Detour to Carnarvon Gorge
We met a French couple in Agnes Water who debated about whether or not to go to Carnarvon Gorge. She was insistent that they make the six-and-a-half hour drive inland because she’d heard it was something they shouldn’t miss. He was not convinced, but she was doing her best to change his mind.
I have no idea if they ever made it to the gorge, but her argument was enough to convince me. On the way south through Queensland Jared and I decided to add it to our route, which meant an extra hour each way on a partially dirt road that was known to close during heavy rains. The forecast was looking ominous, so we decided to squeeze in what we could in a day, then get out of there before the skies opened.
The Takkarakka Bush Camp was our only real option for camping, and its $38 a night price tag for an unpowered site reflected the isolated location. We checked in after lunchtime, quickly set up the tent without its awning, and laced up our shoes to hit the gorge.
Carnarvon Gorge’s main track starts at the Visitor’s Center and winds for 9.7km until it hits Big Bend. Seven side tracks can be incorporated to your walk and combined to create a number of day walk options, the longest of which is 22km.
We made an ambitious choice—the 14km return encompassing the moss garden, ampitheatre, Ward’s canyon, and art gallery. The map suggested we allow 5 hours to complete the walk, but if it took that long we’d be hiking in the dark.
The map also offered up a helpful tip: walk to the furthest point on the main track that you plan to reach, then go down the side tracks on the way back. It was a successful strategy; we worked up a sweat but completed the walk in 3 hours and 40 minutes.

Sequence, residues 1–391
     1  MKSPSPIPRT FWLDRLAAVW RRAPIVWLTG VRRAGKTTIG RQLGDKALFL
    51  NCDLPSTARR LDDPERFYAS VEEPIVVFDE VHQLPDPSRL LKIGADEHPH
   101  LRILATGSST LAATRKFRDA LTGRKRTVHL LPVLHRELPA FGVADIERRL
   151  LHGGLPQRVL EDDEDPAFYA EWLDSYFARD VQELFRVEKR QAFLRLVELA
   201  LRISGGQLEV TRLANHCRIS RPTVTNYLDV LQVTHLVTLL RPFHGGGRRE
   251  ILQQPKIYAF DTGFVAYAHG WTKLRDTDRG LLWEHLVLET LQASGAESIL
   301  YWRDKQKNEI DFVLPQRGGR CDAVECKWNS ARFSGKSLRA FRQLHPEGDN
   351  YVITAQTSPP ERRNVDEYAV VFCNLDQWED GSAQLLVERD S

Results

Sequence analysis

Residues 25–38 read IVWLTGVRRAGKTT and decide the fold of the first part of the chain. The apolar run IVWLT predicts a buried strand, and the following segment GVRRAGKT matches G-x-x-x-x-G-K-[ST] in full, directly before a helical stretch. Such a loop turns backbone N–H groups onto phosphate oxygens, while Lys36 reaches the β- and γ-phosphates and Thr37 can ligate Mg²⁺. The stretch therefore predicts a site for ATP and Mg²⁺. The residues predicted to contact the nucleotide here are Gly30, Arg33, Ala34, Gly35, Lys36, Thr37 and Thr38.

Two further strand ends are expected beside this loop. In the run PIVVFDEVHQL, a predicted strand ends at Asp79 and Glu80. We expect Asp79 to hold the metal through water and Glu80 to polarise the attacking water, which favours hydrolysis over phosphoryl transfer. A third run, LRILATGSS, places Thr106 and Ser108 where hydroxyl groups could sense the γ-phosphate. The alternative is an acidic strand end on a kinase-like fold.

I would have loved to see more but this was a case where we needed to appreciate the time we had, and that we did. The gorge was extraordinary: looming sandstone cliffs below a solid blue sky, kangaroos and wallabies skipping about, hidden passageways, stone creek crossings, and beautiful works of Aboriginal art.
Back at Takkarakka I tried in vain to spot a platypus but was rewarded instead with the sight of my first wild echidna. That night while cooking dinner the grass was occupied by pademelons, an odd sort of cross between a wombat and a wallaby, about the size of a large watermelon yet easy to miss in the dark. (No pademelon photos from Carnarvon but just you wait until I finally write about Tasmania.)
In the morning we went for one more hike, a 1.5km track into Mickeys Gorge, an offshoot from the main gorge. The printed distance is a bit of a misnomer because there’s more to it than the marked track. Partway in you’re presented with the option to veer off into Warrumbah Creek Gorge.
Do this. After a short distance you’ll reach a sign indicating that you’re at the end of the official track. Once you get there, keep going. That’s where it gets good.
Carnarvon Gorge was one of an endless number of spectacular places in Australia I’d never heard of; if it hadn’t been for the French couple planting the seed, I’m not sure we would have turned off the highway.
When you’re road-weary it can be hard to justify driving out of the way for such a short time in a place, but this was one detour that I’ll always be glad we took.